BOSTON -- Five days after the Boston Bruins traded forward Milan Lucic to the Los Angeles Kings, they signed unrestricted free agent forward Matt Beleskey.
The timing of those moves was impossible to ignore because Lucic was the Bruins' main source of physicality and offensive production at left wing for most of the past eight seasons, and Beleskey was coming off a 22-goal season while playing a similar role for the Anaheim Ducks.
But Beleskey said Tuesday he doesn't expect to be the next Milan Lucic.
"There's pressure, but I think I put more pressure on myself at the start of every year to be better than I was last year," he said at TD Garden. "You know they had big losses. I suppose those are moves they had to make. But I don't think I'm here to fill anyone's spot. I'm here to be Matt Beleskey and play my game. And that's what I'm going to do."
Beleskey signed a five-year contract July 1 that carries a $3.8 million salary-cap charge. He arrived in Boston this week to meet his new employers and get a feel for his new city.
Beleskey, 27, won't be the only recent acquisition feeling the heat to improve Boston's 22nd-ranked offense and get the Bruins back into the Stanley Cup Playoffs after they missed the postseason for the first time since the 2006-07 season.
Forward Jimmy Hayes, a native of Dorchester, Mass., was acquired July 1 from the Florida Panthers in a trade for forward Reilly Smith and the contract of Marc Savard. The Bruins signed Hayes, a restricted free agent, to a three-year contract that carries a $2.3 million salary-cap charge.
Although Beleskey will have to deal with the pressure of being the higher-profile acquisition, based on his track record and his contract, Hayes will be the latest player to try to make a go of it in his hometown.
Hayes referred to his chance to play for the Bruins as "a dream come true" several times Tuesday. But for every Bob Sweeney or John Carter who has thrived with the Bruins, there have been several like Hal Gill and Kevin Stevens who had more success elsewhere.
Hayes, 25, brushed aside the notion that playing for his hometown Bruins might sidetrack his recent emergence as an everyday NHL player.
"I've probably played more games in this city than I have anywhere in my entire career," said Hayes, who played at Boston College. "So I don't think it's pressure. I think I can handle it. It'll be a great opportunity for me and to be able to wear a jersey that I dreamed of wearing, it's a dream come true for me."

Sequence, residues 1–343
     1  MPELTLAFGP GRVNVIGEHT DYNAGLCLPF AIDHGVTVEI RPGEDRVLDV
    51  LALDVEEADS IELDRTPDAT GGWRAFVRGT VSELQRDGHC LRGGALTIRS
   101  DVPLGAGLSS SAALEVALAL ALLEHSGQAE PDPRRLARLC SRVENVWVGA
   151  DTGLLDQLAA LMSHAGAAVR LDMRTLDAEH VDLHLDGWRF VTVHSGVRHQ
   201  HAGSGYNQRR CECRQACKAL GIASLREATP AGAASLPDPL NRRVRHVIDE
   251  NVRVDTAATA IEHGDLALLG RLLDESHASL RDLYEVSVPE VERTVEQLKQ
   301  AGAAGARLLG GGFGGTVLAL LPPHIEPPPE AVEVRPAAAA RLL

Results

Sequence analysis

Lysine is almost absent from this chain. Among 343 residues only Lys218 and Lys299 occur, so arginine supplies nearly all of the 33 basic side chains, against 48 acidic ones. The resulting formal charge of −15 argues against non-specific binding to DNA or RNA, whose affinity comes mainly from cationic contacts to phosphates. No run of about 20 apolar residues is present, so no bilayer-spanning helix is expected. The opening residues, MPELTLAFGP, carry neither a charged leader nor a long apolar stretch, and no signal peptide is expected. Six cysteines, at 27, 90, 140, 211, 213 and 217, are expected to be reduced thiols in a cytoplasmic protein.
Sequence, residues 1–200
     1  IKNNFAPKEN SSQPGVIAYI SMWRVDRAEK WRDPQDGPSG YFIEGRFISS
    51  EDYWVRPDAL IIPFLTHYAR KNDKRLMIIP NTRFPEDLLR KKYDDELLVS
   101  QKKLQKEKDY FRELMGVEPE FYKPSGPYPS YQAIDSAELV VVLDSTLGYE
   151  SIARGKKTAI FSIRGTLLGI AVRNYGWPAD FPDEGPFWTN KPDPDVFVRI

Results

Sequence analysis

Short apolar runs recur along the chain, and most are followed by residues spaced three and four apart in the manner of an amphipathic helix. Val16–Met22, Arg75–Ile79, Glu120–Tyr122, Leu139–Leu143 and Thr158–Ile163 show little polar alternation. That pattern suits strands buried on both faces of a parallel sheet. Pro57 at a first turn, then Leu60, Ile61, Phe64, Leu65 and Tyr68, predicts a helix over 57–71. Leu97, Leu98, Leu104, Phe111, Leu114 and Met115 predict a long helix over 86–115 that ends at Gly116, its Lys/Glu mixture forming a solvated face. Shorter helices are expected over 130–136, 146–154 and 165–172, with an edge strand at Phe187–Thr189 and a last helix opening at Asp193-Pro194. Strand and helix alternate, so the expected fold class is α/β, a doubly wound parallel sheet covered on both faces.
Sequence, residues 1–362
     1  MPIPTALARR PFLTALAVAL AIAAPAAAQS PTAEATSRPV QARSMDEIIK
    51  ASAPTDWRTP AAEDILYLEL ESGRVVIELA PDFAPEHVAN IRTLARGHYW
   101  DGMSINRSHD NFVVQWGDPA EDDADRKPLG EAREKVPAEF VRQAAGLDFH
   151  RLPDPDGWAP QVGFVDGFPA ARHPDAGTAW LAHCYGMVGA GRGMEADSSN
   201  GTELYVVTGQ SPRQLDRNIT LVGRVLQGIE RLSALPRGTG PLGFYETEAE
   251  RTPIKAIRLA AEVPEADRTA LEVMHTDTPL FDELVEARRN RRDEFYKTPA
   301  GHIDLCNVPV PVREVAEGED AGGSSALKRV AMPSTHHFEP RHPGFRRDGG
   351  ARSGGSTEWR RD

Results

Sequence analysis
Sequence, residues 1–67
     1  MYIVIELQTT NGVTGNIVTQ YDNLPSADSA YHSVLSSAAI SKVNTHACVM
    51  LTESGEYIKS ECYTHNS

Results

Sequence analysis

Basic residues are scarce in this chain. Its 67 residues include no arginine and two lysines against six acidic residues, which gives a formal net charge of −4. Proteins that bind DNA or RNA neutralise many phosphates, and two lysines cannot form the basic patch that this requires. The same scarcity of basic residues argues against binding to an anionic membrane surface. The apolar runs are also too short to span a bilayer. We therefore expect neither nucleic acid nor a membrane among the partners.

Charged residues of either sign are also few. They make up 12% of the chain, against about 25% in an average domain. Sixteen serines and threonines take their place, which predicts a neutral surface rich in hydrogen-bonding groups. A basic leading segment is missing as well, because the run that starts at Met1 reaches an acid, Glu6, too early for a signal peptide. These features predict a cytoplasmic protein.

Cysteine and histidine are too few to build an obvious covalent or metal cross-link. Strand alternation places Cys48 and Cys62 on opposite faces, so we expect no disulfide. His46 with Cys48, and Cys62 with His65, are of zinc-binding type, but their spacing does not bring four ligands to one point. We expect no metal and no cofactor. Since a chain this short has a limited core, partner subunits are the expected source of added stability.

Beleskey had 35 goals over five seasons with the Ducks before breaking out with 22 in 2014-15. He then scored eight times in 16 playoff games.
"I think I got off to a good start, which helped," Beleskey said. "And coach Bruce Boudreau put me in good situations. I played on the power play. I played a lot with Ryan Kesler, who works extremely hard and he's a great player to work with and play with. And I think I took some confidence strides in my game. I knew it was time that I needed to be more than just a grinder that's going to help out and be a guy that's able to lead in situations. And I think I took those steps."
Hayes also had the best season of his career in 2014-15, when he scored 19 goals, up from 11 the previous season. Like Beleskey, Hayes was given an expanded opportunity to contribute and he took advantage of it.
"Last year was basically my first opportunity to play a full season in the NHL," Hayes said. "I got an opportunity to play with some pretty good players and I capitalized on my chances. So I think it took me awhile. It was my fourth year pro, so hopefully I'm coming into it now."
Hayes is 6-foot-6, 221 pounds, so there's little doubt about what his role will be with the Bruins. He'll be expected to throw his weight around over 200 feet and get to the dirty areas for goals.
Although he's 6-foot, 204 pounds, Beleskey also embraces being classified as a power forward.
"I'm going to play my same game, be a power forward, get in on the forecheck and go to the net hard," Beleskey said. "That's what I'm going to do."
The Bruins acquired two large wings because they're already set at center with Patrice Bergeron and David Krejci, who are signed for the foreseeable future. Fans and pundits have spent the past week mixing and matching the lines the Bruins might use come training camp. But neither player would bite when asked to make a suggestion about the lines to coach Claude Julien.
"They've got a ton of talent up the middle, and I think playing with anybody is going to be a great opportunity for me," Hayes said.
Said Beleskey: "They're [Bergeron and Krejci] obviously great playmakers. You play against them and you watch the way they play, they work hard at both ends, and that's something I enjoy having a guy that's going to work hard at both ends of the ice. They can make great plays in the slot, and hopefully I can get open, get to the net, create a little space for them. Who knows if I'll even play with them? I don't know. It's going to be exciting to come to a new team, meet all the guys and get settled in."